Upon Further Review: The Best Players in NBA History, #7

In what will become a daily entry over the course of the next month, Waiver Wire writers Greg Kaplan and Vinny Ginardi will release a list of the the 25 players who they believe to be the best in NBA history. Players were judged on their careers as a whole rather than short stretches of dominance (for example, Bill Walton didn’t make the list due to injuries cutting his career short).

Number: 25 | 24 | 23 | 22 | 21 | 20 | 19 | 18  | 17 | 16 | 15 | 14 | 13 | 12 | 11 | 10 | 9 | 8

Number Seven: Tim Duncan

Vinny Ginardi: Because his personality isn’t as flashy as most NBA superstars these days, it can be easy to forget about Tim Duncan. But you shouldn’t.

Duncan became one of the best players as soon as he entered the league, winning the Rookie of the Year award in 1998. In just his second season, he led the Spurs to an NBA championship and earned Finals MVP. Duncan would go on to win two more Finals MVPs (tying him for second most ever) and three more titles. He still has an outside shot to win another title, but Duncan has already cemented his legacy as a top 10 player.

In addition to his winning ways, Duncan has also been named to 12 All-NBA teams (nine first), and 13 All-Defensive teams (eight first). He won back-to-back MVPs (2002-03) , averaged at least 10 rebounds per game in each of his first 13 seasons and at least two blocks per game in each of his first 10 seasons.

Most importantly, Duncan has been well regarded as a great teammate and leader. When he was in his prime, the Spurs were the best team in the league and it wasn’t even close. He had a knack for making everyone around him better while producing on both ends of the floor. When Tim Duncan’s career comes to an end, he will go down as the best power forward of all-time.

Greg Kaplan: Tim Duncan is probably the best power forward to ever play in the NBA. He’s that good. And, like Vinny said, you might not know it, because he doesn’t say a peep about anything or market any products.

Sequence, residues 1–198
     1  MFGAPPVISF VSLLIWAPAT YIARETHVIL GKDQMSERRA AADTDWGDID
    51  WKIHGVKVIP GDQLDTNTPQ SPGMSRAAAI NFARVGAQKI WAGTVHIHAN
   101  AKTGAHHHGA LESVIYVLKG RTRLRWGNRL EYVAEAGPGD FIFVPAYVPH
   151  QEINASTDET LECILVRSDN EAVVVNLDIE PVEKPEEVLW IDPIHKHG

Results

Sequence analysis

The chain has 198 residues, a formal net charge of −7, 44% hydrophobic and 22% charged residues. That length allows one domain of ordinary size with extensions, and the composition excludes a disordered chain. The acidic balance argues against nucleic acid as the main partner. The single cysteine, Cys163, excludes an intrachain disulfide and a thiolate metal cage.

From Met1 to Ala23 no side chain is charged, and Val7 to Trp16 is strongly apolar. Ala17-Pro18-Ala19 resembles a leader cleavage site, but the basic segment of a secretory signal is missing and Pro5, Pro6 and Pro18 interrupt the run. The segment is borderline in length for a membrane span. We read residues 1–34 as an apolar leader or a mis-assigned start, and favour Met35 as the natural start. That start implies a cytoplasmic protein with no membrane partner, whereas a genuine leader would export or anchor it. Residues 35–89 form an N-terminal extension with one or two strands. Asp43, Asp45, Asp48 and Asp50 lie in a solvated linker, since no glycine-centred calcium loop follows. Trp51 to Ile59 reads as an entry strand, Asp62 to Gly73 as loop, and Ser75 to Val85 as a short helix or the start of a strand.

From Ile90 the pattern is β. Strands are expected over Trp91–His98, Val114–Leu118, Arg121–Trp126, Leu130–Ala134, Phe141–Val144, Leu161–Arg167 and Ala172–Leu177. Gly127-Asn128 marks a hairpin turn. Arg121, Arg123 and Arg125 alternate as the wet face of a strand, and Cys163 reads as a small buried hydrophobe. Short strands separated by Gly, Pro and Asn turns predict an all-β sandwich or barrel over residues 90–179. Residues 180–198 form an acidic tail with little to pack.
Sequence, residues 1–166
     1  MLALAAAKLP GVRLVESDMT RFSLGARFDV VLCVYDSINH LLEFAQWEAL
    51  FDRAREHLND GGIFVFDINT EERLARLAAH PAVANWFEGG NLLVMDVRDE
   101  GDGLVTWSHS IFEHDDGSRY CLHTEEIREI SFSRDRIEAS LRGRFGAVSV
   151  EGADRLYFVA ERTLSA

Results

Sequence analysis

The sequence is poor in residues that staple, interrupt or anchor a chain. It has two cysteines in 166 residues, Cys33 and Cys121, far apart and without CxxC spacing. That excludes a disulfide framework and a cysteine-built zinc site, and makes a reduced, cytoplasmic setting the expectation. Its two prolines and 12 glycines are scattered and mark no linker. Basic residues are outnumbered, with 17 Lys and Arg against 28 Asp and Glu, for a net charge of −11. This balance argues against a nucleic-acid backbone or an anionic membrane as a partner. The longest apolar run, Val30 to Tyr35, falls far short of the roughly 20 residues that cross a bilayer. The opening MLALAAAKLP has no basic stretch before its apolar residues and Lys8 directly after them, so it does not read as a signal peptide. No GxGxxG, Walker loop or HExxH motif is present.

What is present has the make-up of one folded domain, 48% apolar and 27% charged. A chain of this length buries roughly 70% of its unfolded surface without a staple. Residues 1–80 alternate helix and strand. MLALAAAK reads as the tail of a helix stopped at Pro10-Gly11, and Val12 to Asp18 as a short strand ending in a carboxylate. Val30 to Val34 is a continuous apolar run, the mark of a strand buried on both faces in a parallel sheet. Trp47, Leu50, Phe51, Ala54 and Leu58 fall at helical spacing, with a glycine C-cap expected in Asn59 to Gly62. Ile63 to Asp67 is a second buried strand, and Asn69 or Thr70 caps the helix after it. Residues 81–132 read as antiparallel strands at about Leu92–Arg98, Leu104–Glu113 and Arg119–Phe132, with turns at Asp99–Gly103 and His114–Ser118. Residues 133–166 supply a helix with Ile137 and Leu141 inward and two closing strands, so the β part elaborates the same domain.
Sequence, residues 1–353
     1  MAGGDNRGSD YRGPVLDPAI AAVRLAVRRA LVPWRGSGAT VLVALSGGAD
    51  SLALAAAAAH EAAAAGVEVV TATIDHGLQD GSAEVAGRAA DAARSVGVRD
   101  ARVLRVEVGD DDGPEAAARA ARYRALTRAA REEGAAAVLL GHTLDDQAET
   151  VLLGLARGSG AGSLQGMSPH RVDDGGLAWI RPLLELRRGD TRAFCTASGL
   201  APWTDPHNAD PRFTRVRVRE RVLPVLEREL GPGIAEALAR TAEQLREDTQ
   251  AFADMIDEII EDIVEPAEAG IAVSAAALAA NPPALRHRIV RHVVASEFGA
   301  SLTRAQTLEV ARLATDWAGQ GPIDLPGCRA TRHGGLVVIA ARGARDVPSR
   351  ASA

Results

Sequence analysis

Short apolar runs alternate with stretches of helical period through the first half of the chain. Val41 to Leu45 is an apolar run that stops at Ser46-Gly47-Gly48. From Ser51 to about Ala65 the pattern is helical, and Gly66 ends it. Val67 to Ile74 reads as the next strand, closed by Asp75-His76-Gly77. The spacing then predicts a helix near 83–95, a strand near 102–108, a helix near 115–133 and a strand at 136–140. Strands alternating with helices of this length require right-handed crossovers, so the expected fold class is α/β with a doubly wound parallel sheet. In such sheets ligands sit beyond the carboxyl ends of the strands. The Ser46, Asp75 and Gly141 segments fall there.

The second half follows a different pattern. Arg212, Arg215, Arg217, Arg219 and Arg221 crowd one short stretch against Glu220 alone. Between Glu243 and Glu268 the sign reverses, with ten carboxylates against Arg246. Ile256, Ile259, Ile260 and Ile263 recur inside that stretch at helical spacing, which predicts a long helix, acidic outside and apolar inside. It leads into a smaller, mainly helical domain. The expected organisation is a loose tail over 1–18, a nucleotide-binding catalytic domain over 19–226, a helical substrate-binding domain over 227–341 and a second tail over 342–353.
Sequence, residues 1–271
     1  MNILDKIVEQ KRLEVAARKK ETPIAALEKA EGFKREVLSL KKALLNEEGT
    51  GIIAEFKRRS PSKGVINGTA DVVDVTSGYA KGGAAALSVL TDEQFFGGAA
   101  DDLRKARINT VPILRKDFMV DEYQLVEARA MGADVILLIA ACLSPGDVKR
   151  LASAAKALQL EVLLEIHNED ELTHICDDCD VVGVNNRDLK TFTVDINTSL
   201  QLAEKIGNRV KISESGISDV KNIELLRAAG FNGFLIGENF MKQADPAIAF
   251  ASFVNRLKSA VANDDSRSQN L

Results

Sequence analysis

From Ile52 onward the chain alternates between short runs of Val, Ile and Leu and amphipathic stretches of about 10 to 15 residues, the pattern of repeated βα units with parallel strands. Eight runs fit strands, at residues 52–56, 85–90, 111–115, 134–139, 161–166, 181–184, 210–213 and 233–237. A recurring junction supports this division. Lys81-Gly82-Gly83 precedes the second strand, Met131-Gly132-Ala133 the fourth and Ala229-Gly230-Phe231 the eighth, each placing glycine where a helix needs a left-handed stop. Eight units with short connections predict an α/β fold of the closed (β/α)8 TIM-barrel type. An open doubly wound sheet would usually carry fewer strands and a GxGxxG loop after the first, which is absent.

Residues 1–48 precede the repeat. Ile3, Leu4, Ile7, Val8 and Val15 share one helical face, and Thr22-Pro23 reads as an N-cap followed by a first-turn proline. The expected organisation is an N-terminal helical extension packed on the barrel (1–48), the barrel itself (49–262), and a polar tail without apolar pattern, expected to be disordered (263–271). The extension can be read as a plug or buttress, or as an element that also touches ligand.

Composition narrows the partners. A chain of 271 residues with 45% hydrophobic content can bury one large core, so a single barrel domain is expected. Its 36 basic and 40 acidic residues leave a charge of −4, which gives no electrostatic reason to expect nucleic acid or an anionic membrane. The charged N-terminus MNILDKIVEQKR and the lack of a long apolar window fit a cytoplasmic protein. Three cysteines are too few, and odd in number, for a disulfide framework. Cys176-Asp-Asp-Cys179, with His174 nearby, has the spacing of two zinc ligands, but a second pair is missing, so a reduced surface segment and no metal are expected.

For the first 13 years of his career, Duncan averaged a double-double. He’s actually never averaged less than 8.9 rebounds a game in a single season. Its worth repeating all the accolades Vinny has already stated, because I don’t think how rare it is for a player to make 12 All-NBA Teams, 13 All-Defensive Teams, win two MVPs, three Finals MVPs and be the best or second-best player on four championship teams.

For me, the hallmark of greatness is the recognition of a patented move or an skill that even a perfect defense couldn’t stop. For Duncan, its been the sideline jumper that he kisses off the glass from 10-15 feet. Any time Duncan puts that shot up, just stand under the rim and send three guys down the court to set up your half-court offense. Its going in. No doubt about it.

And it wasn’t just that move. There is nothing Duncan didn’t do well on either side of the floor. 50.7% from the field in his career, 68.8% from the charity stripe, the All-Defensive teams we’ve mentioned. Yeah, there were no answers for Timmy Duncan. There are still no answers for Tim Duncan, actually. He played the fewest minutes a night in his career last year, and the legend still put up 15.4 points, 9.0 rebounds, 1.5 blocks and 2.3 assists in only 28.2 minutes per night. Stretch that out even an extra four minutes every night (yes, Duncan may have fallen apart if that happened), and he gets up to probably 18 and 10.

We’ve been criticized for a few of the rankings we’ve done so far. But, there is absolutely no disagreement with the greatness of Tim Duncan. His legacy will only get stronger after his playing career is over. One thing is for sure: there is almost no chance of ever seeing a more complete power forward to ever play in the NBA. Ever. Fact.